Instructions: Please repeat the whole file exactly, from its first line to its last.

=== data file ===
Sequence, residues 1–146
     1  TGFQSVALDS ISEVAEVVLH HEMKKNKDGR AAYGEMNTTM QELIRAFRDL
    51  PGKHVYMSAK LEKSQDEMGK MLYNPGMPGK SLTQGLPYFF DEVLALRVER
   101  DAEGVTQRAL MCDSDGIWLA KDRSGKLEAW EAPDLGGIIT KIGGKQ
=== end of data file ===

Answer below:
Sequence, residues 1–146
     1  TGFQSVALDS ISEVAEVVLH HEMKKNKDGR AAYGEMNTTM QELIRAFRDL
    51  PGKHVYMSAK LEKSQDEMGK MLYNPGMPGK SLTQGLPYFF DEVLALRVER
   101  DAEGVTQRAL MCDSDGIWLA KDRSGKLEAW EAPDLGGIIT KIGGKQ